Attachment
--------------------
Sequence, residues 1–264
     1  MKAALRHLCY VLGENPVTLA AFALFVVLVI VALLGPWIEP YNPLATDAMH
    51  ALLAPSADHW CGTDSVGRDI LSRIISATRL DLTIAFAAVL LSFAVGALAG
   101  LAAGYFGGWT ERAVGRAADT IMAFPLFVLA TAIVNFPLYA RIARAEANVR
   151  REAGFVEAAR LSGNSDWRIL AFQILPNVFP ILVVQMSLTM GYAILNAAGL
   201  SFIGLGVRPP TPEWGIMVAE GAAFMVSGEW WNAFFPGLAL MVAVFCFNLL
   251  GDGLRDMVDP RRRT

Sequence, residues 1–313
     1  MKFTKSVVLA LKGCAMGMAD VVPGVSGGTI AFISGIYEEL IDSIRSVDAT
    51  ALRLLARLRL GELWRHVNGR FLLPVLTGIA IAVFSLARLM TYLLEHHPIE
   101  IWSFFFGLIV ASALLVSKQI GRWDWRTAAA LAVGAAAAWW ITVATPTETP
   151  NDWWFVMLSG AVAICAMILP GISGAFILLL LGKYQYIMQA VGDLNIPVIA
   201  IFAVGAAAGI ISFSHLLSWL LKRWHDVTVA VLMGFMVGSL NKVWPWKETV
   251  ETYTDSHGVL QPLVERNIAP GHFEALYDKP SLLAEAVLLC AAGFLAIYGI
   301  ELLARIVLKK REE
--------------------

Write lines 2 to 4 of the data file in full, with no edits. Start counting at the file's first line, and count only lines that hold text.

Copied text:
     1  MKAALRHLCY VLGENPVTLA AFALFVVLVI VALLGPWIEP YNPLATDAMH
    51  ALLAPSADHW CGTDSVGRDI LSRIISATRL DLTIAFAAVL LSFAVGALAG
   101  LAAGYFGGWT ERAVGRAADT IMAFPLFVLA TAIVNFPLYA RIARAEANVR